Is your pricing strategy working?

Who knows why something finally clicks? Timing, experience, messaging – all combine for the “aha” moment. The moment you “get it” is a beautiful experience. Pricing strategy was one of those illuminating experiences.

How does your worth affect your pricing? The pricing strategy for most service professionals is based upon industry standard. Whether you’re a landscaper, personal trainer or marketer this applies to you.

Competitive pricing trades dollars for hours

You’ve been instructed to figure out the range and then develop your pricing structure within those margins. The traditional price strategy has you research the high and low of your competitors. Then you choose your prices. This is a good starting place when you solely base your pricing on dollars for hours. The fault with competitive pricing is that it creates a glass ceiling.

Here’s why pricing methods which rely on a dollar per hour rate limit your income potential:

  • Time. The number of hours you’re capable of working are finite
  • Experience. More experienced professionals arrive at a solution faster than newbies. When charging by the hour, you’re actually paid less than a newbie who may be slower and less experienced than you.
  • Devalues. This devalues the long lasting impact which your services offer.
  • Confidence. Entrepreneurs with lower self worth keep their prices low.
  • Illusion. Your beliefs influence pricing strategies.

The traditional pricing strategy doesn’t reflect your value

During a strategic planning session with my first business coach, I learned about these 4 types of value.

  • Ease. Life is complicated enough. My clients were seeking the solution to their problem, AND they wanted it to be easy.
  • Fast. Our society craves immediacy. Expertise is developed from years of experience and wisdom. You possess the skills to resolve an issue faster, and with fewer mistakes, than a newbie.
  • Saves money. Consider the time, money and effort you’re client has already spent trying to resolve this issue on their own.
  • Makes money. This has two aspects. First, does your service help your client to generate income? And hiring you frees them up to focus on other activities.

These are four ways your service adds value. Does offering all four have more value than one? Not necessarily.

pricing strategy

Does your pricing strategy reflect your value?

Hierarchy for service delivery My understanding of value based pricing deepened when another mentor outlined 4 primary delivery models.

  • Theory. This is primarily academia. Teachers in academia emphasize theory.
  • Tactical. Most entrepreneurs fall into this category where they teach the concept and “how to.”
  • Transformational. This delivers value beyond the obvious because it has the potential to be life changing for your clients. Agents of change and industry leaders emphasize transformation to help their clients advance.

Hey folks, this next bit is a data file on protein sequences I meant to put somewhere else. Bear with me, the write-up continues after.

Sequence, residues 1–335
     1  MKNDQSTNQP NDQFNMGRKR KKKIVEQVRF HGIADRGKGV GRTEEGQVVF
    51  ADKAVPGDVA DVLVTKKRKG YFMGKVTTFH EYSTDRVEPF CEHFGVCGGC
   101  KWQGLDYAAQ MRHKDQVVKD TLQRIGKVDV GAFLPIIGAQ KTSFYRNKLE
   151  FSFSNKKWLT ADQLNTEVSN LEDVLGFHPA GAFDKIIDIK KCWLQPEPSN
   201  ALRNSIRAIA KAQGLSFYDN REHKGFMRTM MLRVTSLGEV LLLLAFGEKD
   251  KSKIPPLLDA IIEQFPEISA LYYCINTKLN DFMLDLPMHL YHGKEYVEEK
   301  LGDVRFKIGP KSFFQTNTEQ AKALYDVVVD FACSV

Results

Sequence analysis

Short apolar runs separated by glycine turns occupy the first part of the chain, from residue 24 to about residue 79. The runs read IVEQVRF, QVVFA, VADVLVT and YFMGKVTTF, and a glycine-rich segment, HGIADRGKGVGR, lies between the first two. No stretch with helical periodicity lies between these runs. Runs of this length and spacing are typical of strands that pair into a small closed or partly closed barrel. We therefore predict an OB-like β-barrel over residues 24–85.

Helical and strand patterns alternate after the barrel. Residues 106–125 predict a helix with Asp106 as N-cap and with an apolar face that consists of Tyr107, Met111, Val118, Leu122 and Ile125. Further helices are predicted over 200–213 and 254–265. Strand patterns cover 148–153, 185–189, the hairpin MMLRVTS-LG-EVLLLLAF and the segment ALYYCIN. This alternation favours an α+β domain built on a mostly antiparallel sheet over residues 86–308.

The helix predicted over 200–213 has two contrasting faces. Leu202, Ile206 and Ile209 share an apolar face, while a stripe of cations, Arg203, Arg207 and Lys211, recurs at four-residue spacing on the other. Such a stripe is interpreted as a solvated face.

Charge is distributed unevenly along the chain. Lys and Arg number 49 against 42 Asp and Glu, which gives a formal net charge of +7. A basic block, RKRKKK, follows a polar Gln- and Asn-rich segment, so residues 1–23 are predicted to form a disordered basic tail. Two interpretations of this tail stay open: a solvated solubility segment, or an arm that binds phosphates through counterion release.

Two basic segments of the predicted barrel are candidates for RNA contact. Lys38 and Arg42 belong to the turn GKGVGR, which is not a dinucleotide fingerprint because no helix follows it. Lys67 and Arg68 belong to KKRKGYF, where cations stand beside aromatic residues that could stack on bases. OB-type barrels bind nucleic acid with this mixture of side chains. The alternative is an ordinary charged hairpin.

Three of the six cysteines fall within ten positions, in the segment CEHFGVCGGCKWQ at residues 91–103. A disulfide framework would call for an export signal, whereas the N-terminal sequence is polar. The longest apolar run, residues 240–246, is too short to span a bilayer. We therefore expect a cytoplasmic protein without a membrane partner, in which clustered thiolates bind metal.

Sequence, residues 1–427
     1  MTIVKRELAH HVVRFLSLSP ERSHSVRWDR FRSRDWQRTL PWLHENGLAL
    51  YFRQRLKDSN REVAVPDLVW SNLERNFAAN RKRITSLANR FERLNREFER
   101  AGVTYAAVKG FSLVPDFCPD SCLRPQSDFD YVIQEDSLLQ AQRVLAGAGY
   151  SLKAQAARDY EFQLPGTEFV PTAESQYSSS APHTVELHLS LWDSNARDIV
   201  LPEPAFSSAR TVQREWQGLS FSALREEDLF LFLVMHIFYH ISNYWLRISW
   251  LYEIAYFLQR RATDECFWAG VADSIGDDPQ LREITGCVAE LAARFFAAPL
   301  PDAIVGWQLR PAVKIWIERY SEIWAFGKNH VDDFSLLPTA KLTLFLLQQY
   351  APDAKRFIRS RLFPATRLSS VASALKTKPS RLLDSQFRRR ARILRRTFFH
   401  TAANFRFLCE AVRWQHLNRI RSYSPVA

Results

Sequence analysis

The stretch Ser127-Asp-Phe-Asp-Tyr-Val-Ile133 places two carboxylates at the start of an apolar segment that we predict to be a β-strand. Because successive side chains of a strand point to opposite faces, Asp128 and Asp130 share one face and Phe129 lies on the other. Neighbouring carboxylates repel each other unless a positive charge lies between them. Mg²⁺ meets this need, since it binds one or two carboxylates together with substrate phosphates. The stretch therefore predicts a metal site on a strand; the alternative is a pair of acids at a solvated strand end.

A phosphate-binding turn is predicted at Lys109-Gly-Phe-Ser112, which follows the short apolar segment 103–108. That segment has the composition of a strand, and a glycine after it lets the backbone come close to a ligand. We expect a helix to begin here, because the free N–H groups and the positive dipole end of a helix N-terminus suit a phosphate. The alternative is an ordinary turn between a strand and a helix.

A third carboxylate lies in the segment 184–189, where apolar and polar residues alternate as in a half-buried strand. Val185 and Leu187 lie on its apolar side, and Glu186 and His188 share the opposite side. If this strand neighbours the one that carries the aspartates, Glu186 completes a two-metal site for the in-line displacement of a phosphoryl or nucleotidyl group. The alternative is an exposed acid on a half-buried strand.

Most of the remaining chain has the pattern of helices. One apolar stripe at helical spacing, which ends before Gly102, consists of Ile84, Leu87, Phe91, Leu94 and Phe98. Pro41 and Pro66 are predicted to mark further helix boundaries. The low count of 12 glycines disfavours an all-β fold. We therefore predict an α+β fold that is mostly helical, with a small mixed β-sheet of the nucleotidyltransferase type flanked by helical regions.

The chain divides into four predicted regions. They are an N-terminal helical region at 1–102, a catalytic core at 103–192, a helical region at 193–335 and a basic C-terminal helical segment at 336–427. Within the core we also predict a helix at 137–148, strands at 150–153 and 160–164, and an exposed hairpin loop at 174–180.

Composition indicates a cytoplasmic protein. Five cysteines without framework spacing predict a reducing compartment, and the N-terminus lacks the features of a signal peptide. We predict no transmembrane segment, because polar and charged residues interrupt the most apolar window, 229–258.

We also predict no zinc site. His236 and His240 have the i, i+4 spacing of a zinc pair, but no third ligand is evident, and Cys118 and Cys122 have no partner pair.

• Transcendence. Visionaries who are on a mission to change the world fall into this category. They aspire to leave a legacy. You’ll notice how their mission is deeply connected to their purpose.

Where are you? What are your aspirations?

An advanced pricing move that recognizes your value

The best way to move from one category to the next is to spend time with people who are already operating at that level. Notice how people who are serving at a higher level differ from you. Observe their actions, beliefs and focus. Decide which part of their model appeals to you. Then choose one business level strategy which you are ready to adopt.

The Walmart and Neiman Marcus price and value comparison

Now let’s move onto the third insight I gained regarding value and pricing. With pricing, customer service and quality, you can choose two out of three. Decide whether your sales strategy positions you as the Walmart or the Neiman Marcus in your industry. The low cost leader, seeking to serve everyone, is unable to offer the same quality as the high end specialty store.

I teach my clients not to start off as the Walmart low cost leader with competition based pricing simply because this model trains clients to associate you with low cost products. It’s similar to an actor who gets type cast for comedies. Switching to premium pricing becomes difficult. It’ll be difficult convincing someone who equates you with Walmart pricing that you’re now Neiman Marcus quality.

I’ve noticed business coaches who are free or ask people to pay what they can. I wonder how they expect their clients to value their service, when they don’t value their own service. Can they really help their clients navigate the inner work necessary to fully acknowledge their value when they’re not willing to establish a rate for their own service?

Riches are in the niches

Value based pricing is the Cadillac of pricing models. As the name implies, this pricing strategy emphasizes value. Value, however, is determined by the buyer. Research to develop extreme clarity about your ideal client will be necessary.

When done correctly, value based pricing separates you from the competition.  Pairing value and price highlights the transformation instead of the tactical steps involved. Emphasizing the transformation helps to answer a potential client’s primary question which is “Can you help solve my problem?” Greater value is placed on successfully resolving their issue than what tools or steps you’ll follow to get the job done.

Follow these recommendations for a business to be successful, and grow while keeping your passion alive. Are you tired of doing work for free because you don’t know how to charge for it? Discover how to get paid what you are worth and attract clients who understand your value. Right NOW claim your FREE RESOURCE and discover how to create value based pricing.